Totally 84 sample plots were harvested in study area. In each sample plot, altitude from sea level, dominant slope, dominant aspect, land form including crest, valley and range (table 1), species, the number of sprout clump (altitude of highest sprout clump), big and small diameters of sprout clump's crown (to calculate crown surface of sprout clump) and sprout clumps section surface (using collar diameter of sprouts existing in sprout clump with 2.5 cm diameter counting limit) were recorded in demographic form. It must be remind that since measurement of sprout's collar diameter in the forest is very cumbersome, for the purpose of calculation of section surface in each sprout clump, firstly diameter layer with greatest number of sprouts was estimated and it was considered as average diameter of sprouts existing in sprout clump. (Since it was found in primary forest walking that this forest is very young and diameter range of sprouts is very small, thus this method was applied). Then section surface was calculated and multiplied in the number of sprouts existing in sprout clump.

Forest type was defined based on species composition.Additionally, topographic map of the region and maps, for aspect and height classes were prepared by using geographic information system and software Arc GIS (Figures 2). Altitude was divided to 5 classes including 1600 - 1700, 1700 - 1800, 1800 - 1900, 1900 - 2000 and > 2000 m. For the purpose of classification geographic direction, main directions were use.

Statistic Technique:

Firstly consistence of initialized data from normal distribution was studied by using Kolmogrov --Smirnov test. Pearson correlation was used to study correlation between variables Additionally, one--way analysis of variance (ANOVA) was used to study difference or indifference in classes of altitude from sea level, direction and slope based on quantitative characteristic of oak sprout clump. Using equation (1), geographic direction conversion was performed to use in analysis [1].

Aspect = Cos ( 45 - A) + 1 (1)

Results Data analysis indicated that there are 9 tree and shrub species in studied forest including:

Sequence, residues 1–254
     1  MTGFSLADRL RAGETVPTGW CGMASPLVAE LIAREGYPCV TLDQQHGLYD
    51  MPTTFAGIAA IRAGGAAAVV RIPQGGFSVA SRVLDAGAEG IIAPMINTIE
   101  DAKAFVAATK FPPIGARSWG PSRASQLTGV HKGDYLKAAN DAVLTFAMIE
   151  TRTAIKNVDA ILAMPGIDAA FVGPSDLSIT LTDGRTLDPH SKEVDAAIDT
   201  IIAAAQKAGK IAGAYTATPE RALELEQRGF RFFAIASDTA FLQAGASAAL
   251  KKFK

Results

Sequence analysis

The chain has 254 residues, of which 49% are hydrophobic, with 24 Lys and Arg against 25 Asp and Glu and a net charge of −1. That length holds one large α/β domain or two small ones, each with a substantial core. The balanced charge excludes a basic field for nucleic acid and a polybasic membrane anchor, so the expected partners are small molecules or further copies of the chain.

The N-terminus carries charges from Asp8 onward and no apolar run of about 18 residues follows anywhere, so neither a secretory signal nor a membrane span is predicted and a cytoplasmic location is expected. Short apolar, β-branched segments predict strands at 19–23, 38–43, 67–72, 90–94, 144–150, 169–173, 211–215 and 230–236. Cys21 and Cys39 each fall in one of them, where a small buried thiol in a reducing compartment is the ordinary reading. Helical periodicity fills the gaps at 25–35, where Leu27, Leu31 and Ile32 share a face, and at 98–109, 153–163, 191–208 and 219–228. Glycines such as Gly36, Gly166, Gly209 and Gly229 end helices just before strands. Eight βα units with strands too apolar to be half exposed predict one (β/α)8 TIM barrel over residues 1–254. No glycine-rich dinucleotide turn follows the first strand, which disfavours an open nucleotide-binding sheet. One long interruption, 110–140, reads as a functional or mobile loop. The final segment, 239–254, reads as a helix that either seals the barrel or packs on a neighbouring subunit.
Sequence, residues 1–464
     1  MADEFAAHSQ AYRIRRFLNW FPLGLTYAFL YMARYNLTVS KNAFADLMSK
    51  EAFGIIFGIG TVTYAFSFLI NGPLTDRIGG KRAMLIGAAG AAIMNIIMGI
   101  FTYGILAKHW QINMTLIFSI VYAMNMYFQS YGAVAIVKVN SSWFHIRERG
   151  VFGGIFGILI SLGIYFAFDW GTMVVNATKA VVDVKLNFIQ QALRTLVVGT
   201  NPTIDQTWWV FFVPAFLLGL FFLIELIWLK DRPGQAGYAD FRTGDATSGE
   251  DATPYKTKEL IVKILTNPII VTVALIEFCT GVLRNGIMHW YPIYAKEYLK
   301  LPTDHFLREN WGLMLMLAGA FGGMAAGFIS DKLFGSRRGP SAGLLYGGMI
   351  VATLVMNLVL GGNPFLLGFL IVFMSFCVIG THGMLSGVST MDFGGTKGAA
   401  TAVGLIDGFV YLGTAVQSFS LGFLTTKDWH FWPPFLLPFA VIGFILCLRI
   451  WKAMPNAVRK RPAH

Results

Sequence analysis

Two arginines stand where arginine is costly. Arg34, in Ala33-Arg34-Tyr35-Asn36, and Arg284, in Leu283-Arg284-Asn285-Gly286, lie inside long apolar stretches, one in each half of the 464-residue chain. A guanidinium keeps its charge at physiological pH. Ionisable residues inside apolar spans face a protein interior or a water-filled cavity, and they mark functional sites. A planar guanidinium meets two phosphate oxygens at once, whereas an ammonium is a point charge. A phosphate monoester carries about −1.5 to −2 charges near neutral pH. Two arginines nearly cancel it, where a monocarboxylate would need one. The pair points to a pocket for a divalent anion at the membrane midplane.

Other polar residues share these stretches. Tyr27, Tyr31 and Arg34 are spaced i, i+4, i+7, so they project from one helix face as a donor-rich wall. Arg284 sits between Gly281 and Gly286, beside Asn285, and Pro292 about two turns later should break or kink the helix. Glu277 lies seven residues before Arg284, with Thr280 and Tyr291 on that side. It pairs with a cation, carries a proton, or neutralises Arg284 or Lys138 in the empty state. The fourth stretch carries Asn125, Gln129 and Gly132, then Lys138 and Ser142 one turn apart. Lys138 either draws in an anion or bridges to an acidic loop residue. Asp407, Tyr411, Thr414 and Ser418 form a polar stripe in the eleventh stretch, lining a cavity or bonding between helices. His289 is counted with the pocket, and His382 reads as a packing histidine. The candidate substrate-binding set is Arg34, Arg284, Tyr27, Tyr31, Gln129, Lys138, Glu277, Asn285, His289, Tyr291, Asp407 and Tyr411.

Quercus brantii, Quercus infectoria, Acer monspessulanum subsp. cinerascens, pistacia atlantica, pyrus syriaca, crataegus meyeri, Lonicera nummulariifolia, Amygdalus orientalis and cerasus microcarpa. Species composition in this forest is as follows: 64% Quercus brantii, 11% Quercus infectoria, 7.5% pistacia atlantica, and remainder is comprised of other species. Them forest type is achieved in the form of Quercus brantii--Quercus infectoria main type. 64% of oak species were, Average number of sprouts in each sprout clump was estimated 5.9 and section surface in each hectare of was 1.45 m2. Minimum and maximum number of oak sprout clump were 2 and 27, respectively. Since the number of Quercus infectoria was little, it wasn't possible to differentiate the results depending on oak species. Thus results were generally analyzed for both species.

[FIGURE 2 OMITTED]

Quantitative Analysis of Physiographic Factors Altitude from Sea Level:

Study of relationship between number of oak sprout and changes of altitude from sea level reflects strong, negative correlation of these two variables (P<0.01). In addition variance analysis of quantitative properties including number of sprouts in hectare, section surface, maximum altitude and crown surface of sprout clump, with different altitude classes from sea level demonstrates that there is a significant difference up to 1% between them. That is, changes in altitude from sea level affect.